Andy Griffiths creates worlds where killer koalas from outer space invade and robots riot — and kids can’t get enough of them, writes Dionne Christian.
"Life hasn't changed for me that much since the day my bum went psycho ... "
When someone utters a sentence like that, especially when they sound serious, you have to laugh. So it is, during a telephone interview with Andy Griffiths, one of Australia's most popular authors of absurdist and mischievous books for children who appreciate the sillier side of life.
For the record, the day my bum went psycho was not a nasty, never-to-be-discussed-in-polite-company medical condition; rather the title of a Griffiths' book published in 2001, which is when he knew, after a decade of writing, he could finally make a full-time living from it.
He's now been writing for 20 years, has made the New York Times bestseller lists many times, won more than 50 Australian Children's Choice awards and had his books adapted for the stage and television. He produces at least one book every 12 months and divides his year into two blocks. Eight to nine months are spent in the office of his Melbourne home, devising, crafting, writing and painstakingly editing the latest book. He does this with his editor wife, Jill, and equally significant other, illustrator Terry Denton, who works in tandem with Griffiths to generate the artwork so pivotal to each book.
Then Griffiths takes off for three to four months touring Australia and, increasingly other parts of the globe, promoting his new book, talking and entertaining his multitude of young fans, recharging the creative batteries and keeping a weather eye - and ear - out for new ideas.
"Everything we do is about having a conversation with our audience. I know when it's time to start a new series through the conversations I have with the kids who tell me whether they love the latest book or ask when I'm going to move on to something new."
Because Griffiths is criss-crossing Australia, it takes days to arrange our interview. When we talk, he is in a car parked outside a Brisbane school where he has 35 minutes before speaking to 900 children who want to hear about the recently released The 52-Storey Treehouse.
Like three previous Treehouse books, it's about responsible and resourceful Andy and his more wayward friend Terry, who live in a mind-blowing and ever-expanding treehouse where they write books together. They are distracted by things like having to rescue their publisher, Mr Big Nose, and sensible friend Jill from marauding vegetables but their treehouse has features like a watermelon smashing room, a make-your-own pizza parlour, rocket-powered carrot-launchers, life-sized games of snakes and ladders and a ninja snail training school that aid their rescue quest.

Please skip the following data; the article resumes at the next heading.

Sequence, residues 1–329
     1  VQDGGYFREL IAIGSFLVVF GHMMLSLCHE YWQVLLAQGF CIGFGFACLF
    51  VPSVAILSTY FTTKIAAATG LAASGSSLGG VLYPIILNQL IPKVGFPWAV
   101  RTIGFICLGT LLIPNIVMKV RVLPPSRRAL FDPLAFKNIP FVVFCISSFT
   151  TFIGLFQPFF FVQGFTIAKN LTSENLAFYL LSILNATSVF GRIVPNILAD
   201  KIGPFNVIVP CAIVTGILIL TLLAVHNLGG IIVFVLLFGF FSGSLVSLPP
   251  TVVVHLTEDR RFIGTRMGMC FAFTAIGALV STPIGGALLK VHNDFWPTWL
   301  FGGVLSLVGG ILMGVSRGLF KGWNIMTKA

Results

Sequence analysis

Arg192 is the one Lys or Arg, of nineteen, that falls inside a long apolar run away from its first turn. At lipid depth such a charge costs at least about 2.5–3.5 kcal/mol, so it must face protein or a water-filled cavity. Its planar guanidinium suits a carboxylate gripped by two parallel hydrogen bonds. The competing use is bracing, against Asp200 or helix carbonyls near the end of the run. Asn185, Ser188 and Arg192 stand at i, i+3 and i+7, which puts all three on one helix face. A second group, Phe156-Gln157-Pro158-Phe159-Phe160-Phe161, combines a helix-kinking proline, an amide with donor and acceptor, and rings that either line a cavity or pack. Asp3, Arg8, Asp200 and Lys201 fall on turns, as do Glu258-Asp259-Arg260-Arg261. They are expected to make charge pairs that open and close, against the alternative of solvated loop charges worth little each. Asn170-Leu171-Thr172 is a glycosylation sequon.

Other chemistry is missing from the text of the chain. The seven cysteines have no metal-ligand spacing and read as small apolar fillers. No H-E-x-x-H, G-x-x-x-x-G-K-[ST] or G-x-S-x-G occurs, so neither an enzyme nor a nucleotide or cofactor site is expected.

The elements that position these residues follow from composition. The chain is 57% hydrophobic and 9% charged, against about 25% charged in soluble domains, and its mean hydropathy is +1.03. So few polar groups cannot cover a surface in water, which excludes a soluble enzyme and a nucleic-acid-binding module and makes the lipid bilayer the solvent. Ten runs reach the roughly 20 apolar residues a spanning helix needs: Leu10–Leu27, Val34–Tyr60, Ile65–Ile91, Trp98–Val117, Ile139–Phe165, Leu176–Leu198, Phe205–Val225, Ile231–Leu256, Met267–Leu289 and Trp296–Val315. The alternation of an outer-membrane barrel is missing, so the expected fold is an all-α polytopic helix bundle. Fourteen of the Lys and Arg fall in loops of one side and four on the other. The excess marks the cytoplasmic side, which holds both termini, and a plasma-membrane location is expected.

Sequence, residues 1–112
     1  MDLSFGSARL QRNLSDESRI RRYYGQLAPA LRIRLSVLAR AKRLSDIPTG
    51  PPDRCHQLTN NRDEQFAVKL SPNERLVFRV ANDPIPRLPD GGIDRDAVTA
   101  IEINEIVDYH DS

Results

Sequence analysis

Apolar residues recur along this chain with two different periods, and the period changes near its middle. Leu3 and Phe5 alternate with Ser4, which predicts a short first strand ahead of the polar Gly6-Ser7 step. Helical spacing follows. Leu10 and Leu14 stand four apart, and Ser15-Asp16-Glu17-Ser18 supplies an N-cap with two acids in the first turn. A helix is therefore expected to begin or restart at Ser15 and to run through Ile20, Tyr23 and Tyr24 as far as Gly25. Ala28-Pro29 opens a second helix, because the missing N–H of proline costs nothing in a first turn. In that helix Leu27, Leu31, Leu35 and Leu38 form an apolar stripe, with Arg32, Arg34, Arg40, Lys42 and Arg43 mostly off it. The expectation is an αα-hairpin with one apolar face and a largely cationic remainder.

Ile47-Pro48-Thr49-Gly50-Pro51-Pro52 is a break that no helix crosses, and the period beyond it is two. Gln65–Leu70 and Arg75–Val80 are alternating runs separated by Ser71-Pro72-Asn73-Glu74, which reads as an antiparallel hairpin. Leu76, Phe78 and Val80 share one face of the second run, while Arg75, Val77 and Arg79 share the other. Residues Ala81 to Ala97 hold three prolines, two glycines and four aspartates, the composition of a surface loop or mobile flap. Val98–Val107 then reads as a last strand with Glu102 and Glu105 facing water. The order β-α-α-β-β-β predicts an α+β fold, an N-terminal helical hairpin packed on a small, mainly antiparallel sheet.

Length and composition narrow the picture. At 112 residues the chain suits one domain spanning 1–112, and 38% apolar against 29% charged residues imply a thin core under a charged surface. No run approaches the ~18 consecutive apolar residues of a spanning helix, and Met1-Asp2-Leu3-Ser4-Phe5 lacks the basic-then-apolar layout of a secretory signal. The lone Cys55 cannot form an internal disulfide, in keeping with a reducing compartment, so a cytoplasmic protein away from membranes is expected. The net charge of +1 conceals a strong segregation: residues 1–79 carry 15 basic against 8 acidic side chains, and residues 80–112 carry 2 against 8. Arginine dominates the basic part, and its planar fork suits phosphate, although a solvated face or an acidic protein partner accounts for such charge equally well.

Griffiths may have a reputation for books packed with weird and wonderful inventions, impish kids, dastardly villains and slightly lewd, often self-deprecating humour but he is a deep-thinker who takes a serious and methodical approach to work. His maxim is "comedy is simply a funny way of being serious" (a quote from English actor and author Peter Ustinov).
"The comedy comes not from having someone do something funny; it's more about having someone else watching someone do something funny. That's what I have learned from all my years of serious study of comedy and creativity. We enjoy Andy's consternation at Terry's silliness. Andy is the more focused and serious one; Terry is a bit more lackadaisical and brings random chaos to a project. The humour must have logic to it and the story a good structure; in the Treehouse books, there is always a problem to be solved."
Griffiths is serious about comedy - when the book tours and public speaking engagements picked up, he extended his studies to "humour-versity" to learn about stand-up comedy.
"Because I write funny stuff, I found the kids expected to laugh. I like to let the kids dictate the talks so there's spontaneity and improvisation, but it's 'prepared spontaneity' ... "
His has been a long writing life. Now 53, Griffiths started writing when he was just 6. He says he wasn't the class clown, but could be found close to the back of the schoolroom drawing cartoons and captioning them to make the other kids laugh and, occasionally, shock them. "If I were a kid today, I would definitely have a blog."